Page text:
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When it comes to daily deals, the mind immediately wonders to discounts for leg waxes. But what about $25,000 worth of cloud computer services?
Ajilitee, an Illinois-based information technology consulting company, last month used Groupon for a half-off deal for either a “cloud opportunity map or business intelligence audit. The deal was $25,000 worth of services for $12,500. By many accounts it was the most expensive ever run on Groupon.
To be sure, the overwhelming amount of the daily deals market is still for consumer services. But more and more businesses are exploring the model in order to reach other businesses, like in Ajilitee’s case for some big-ticket items.
Groupon continues to dip its toes, somewhat tentatively, in the business to business space, mostly through Groupon Stores, a number of daily deals sites that cater exclusively to businesses, mostly of the under-100-employees variety, are popping up all over.
BizGrouper, B2Bucks, and GroupPrice, among others, have gone into the business with businesses. According to Robert Ball, CEO of Atlanta-based OfficeArrow, the mindset of the small business owner looking at a daily deals email is different than that of a consumer. Price isn’t as important when a small business owner needs a copier versus a meal at a Thai restaurant.
“The deals that do best offer business owners some product or service that they need and are already buying,” said Ball.
OfficeArrow began life as an online business community where small businesses owners could interact and get and give advice. It only recently started dabbling in deals and has done well with deal offers for office supplies, cloud apps, software, business magazine subscriptions and office coffee services.
Because almost all of the deal redemptions purchased through OfficeArrow happen online, the voucher-issuing business has the opportunity to connect with and collect data about the voucher-purchasing business. Rather than being on the receiving end of a single-time coupon redemption – a common complaint among businesses that offer daily deals to consumers — deal makers that offer discounts through OfficeArrow and other B2B deals services have the opportunity to create long term relationships with deal takers.
“We encourage them to cross sell, up sell, look to engage them further,” said Ball.
Ball’s customers are not the most likely takers for a $12,500 information services makeover. Most of the 250,000 unique businesses that use his service and more than 50 percent have fewer than 250 employees.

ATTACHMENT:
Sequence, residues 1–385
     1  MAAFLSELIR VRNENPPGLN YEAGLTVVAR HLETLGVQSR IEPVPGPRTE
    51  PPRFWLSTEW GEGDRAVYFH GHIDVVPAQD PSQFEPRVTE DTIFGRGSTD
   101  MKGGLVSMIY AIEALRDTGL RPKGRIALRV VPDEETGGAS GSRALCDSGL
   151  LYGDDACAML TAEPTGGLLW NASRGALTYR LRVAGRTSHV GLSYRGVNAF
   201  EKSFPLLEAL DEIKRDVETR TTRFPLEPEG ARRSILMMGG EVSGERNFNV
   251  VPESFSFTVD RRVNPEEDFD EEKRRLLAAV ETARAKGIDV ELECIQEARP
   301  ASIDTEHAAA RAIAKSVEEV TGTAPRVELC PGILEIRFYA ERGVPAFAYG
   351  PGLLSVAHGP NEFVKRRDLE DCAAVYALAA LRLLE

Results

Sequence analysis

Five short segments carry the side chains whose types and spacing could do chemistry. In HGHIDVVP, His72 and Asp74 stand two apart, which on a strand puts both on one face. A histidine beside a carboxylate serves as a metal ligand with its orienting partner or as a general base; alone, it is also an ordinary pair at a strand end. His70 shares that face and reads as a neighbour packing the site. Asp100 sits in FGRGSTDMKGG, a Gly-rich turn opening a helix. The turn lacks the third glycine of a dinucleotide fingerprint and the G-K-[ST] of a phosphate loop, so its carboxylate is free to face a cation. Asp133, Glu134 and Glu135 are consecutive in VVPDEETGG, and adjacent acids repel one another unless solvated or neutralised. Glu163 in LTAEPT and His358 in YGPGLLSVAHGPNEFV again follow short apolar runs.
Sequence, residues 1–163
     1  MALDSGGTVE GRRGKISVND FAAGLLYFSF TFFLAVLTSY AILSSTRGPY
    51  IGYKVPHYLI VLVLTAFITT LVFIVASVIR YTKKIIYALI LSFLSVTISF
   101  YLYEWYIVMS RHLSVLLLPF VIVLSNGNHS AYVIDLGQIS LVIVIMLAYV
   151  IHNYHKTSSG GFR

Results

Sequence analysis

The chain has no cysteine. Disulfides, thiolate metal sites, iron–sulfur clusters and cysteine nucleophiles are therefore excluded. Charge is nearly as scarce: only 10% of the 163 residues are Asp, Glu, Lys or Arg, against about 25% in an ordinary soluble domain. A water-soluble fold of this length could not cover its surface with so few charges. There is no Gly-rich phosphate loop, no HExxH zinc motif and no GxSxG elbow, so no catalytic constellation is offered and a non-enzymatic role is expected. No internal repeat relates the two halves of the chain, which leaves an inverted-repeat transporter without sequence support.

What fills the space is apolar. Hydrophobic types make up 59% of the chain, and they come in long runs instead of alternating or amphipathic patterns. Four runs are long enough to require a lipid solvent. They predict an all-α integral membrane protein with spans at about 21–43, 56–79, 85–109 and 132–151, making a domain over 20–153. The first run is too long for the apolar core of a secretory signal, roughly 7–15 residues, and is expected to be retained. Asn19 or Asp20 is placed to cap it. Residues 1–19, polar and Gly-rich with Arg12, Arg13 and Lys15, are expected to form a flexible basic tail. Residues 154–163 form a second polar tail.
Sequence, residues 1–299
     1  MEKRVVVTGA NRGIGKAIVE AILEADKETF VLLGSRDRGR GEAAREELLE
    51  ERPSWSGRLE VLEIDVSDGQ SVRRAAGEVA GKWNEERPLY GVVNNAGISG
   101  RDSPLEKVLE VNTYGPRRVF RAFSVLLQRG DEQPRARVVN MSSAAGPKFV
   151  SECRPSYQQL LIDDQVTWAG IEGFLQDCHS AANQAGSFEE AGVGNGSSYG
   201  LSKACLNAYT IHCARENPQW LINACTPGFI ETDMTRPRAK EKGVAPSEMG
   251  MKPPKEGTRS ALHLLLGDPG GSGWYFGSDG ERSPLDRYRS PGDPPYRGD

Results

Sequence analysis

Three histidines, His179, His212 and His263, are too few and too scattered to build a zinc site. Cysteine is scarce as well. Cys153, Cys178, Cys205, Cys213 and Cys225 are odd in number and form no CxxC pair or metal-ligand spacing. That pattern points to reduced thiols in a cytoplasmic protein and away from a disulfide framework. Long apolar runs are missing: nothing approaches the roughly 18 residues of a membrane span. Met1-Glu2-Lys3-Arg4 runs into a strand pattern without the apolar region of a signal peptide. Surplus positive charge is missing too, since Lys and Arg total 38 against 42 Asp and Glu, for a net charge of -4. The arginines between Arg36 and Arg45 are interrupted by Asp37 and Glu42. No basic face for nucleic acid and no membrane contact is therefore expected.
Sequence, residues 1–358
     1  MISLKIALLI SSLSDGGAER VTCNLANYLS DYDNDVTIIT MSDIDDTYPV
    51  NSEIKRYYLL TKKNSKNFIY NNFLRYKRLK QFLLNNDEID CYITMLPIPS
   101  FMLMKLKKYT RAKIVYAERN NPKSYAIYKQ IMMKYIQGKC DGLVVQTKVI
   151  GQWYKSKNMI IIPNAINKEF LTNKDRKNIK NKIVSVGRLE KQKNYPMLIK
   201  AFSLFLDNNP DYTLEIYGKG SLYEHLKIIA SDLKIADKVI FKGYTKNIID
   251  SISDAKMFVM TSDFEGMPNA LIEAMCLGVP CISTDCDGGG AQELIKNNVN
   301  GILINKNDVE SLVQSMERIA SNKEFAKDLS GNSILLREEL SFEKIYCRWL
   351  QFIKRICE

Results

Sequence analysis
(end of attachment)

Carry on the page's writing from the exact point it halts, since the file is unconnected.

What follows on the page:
Businesses tend to put much lower limits on the number of deals offered in the B2B space. According to Heidi McBride, co-founder of MarketBlitz, a Denver-based B2B site set to launch on April 27, businesses signing on are keeping the number of specific deal being offered pretty low.
“We’ve had a few 20s; we have one that’s 200,” she said.
MarketBlitz is charging a 25 percent commission on the deals it offers its customers, a better deal than Groupon’s consumer service, which takes a 50 percent cut. The attraction is similar for B2B advertisers, however: “It’s advertising that you don’t pay for until it works,” McBride said.
She said that MarketBlitz has already lined up a number of deals that it will be offering Denver business come next week, including an audio visual conference room package, digital signage, a startup web package and a business productivity suite. She said they are in discussions with area printers to offer print services and vehicle wrappers.
The problem is B2B marches to its own drummer. Consumers make impulse purchases all the time, but the sales cycles for B2B are notoriously long. Ajilitee tried to make it easy for businesses to pull the very expensive trigger. Interested companies didn’t have to buy the deal until they contacted Ajilitee to make sure they knew what they were getting. And a company that purchased the deal had a year to redeem it. The problem: nobody bit.
Over time as the model becomes familiar and ingrained in practice, economics will draw in the enterprise buyer,”Ajilitee’s CMO Diann Bilderback wrote on the company’s blog.
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